There are 5 main approaches being taken to develop a vaccine against the coronavirus employing different technologies and methods. It is important to remember than any vaccine does require clinical trials to be completed before it can be licensed for general public use. The World Health Organization (WHO) hopes that a vaccine will be available by October 2021. In this blog we run through what we know about Coronavirus vaccine and the latest information available on it.
This length of time is important to determine how strong the immune response needs to be; predict how long the vaccine may provide immunity and if there may be any adverse reactions or side effects.
The 5 areas are:
- Viral vector vaccines (estimated date of first human trials- June 2020) – these work by adding a different virus onto a gene in place of the coronavirus that is carried into the host cell, reducing the ability of infecting virus to replicate within the host cell.
- DNA vaccines (estimated date of first human trials – April 2020)- these involve disrupting the coronavirus surface protein gene (which allows entry through the cell wall of the host cell). By its action it reduces the levels of viral replication material that can be produced within the infected cell.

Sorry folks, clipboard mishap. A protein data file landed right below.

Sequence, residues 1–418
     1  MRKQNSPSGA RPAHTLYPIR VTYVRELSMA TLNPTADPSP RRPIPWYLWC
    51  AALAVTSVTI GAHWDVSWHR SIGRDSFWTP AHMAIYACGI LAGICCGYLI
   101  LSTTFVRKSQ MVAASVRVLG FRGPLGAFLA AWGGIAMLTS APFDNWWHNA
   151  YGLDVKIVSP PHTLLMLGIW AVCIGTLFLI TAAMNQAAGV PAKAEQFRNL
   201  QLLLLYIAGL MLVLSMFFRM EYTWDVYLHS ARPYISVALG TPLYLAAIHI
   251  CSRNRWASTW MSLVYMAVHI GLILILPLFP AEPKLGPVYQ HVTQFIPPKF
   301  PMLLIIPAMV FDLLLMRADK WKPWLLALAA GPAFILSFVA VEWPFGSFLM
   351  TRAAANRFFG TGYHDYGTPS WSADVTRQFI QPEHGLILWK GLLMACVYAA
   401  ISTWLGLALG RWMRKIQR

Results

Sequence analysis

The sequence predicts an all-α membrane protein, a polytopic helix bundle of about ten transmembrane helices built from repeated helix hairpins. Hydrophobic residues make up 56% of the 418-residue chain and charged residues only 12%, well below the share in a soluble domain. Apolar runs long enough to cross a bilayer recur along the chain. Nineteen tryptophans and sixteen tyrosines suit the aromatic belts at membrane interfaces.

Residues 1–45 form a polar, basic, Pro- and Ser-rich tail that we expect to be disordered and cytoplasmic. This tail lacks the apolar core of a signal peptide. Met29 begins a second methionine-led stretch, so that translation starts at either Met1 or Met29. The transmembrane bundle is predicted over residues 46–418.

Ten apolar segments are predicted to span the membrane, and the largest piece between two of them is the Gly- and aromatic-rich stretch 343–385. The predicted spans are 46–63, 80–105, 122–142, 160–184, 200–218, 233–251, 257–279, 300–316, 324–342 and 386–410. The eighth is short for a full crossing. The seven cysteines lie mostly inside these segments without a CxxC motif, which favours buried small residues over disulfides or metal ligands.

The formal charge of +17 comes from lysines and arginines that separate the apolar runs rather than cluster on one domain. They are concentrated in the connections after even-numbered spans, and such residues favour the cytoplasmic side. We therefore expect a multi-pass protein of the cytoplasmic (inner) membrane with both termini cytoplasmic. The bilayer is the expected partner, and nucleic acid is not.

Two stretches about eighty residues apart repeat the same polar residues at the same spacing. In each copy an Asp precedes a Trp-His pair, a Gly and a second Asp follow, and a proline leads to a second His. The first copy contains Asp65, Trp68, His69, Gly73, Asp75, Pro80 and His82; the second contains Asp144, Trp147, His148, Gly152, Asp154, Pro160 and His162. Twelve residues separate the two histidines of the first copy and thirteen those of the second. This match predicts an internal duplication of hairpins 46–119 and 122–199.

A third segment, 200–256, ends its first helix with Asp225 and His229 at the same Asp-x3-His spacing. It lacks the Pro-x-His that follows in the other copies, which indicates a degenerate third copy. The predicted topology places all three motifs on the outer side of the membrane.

- RNA vaccines (first human trials – March 2020)- these previous vaccines focus on reducing the entry process into the host cell. The RNA vaccines work within the host cell by reducing the amount of viral material that is produced which can cause replication and further infection by the virus.
- Live-attenuated vaccines (estimated date of first human trials- August 2020) – this type of vaccine has been widely used in other infections previously. In this case the vaccine stimulates the body to produce defensive antibodies that reduce a future infection.
- Protein-based vaccines (estimated date of first human trials- June 2020)- these vaccines work by adding the coronavirus surface protein to an inert carrier which provides an increased response to the viral protein that in turn produces more antibodies.
Coronavirus vaccine – latest information
There are over 120 vaccines that have been proposed globally; of these, 7 are in clinical trials with a further 70 in pre-clinical evaluation. The WHO vaccine solidarity trial is designed to rapidly deploy and assess vaccines in areas with high transmission. The results from each vaccine are expected within 3-6 months and when combined with safety data will provide evidence for wider scale trials.
Find out more about the coronavirus facts and myths in this blog.
The Race to Stop Covid-19- The Pharmaceutical Journal, March 202; no 7935, Volume 34 p169-169. Available at: https://www.pharmaceutical-journal.com/news-and-analysis/infographics/the-race-to-stop-covid-20207792.fullarticle?firstPass=false
COVID-19 vaccine- https://en.wikipedia.org/wiki/COVID-19_vaccine
World Health Organization (WHO)- https://www.who.int/emergencies/diseases/novel-coronavirus-2019